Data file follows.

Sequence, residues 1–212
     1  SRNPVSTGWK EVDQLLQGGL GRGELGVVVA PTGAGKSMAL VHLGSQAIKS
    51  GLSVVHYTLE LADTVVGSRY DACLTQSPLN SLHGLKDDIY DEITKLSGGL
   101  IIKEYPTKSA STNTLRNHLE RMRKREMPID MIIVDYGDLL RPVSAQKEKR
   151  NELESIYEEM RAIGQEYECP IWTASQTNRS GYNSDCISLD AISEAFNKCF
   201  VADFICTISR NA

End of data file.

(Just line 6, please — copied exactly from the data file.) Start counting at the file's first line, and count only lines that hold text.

   201  VADFICTISR NA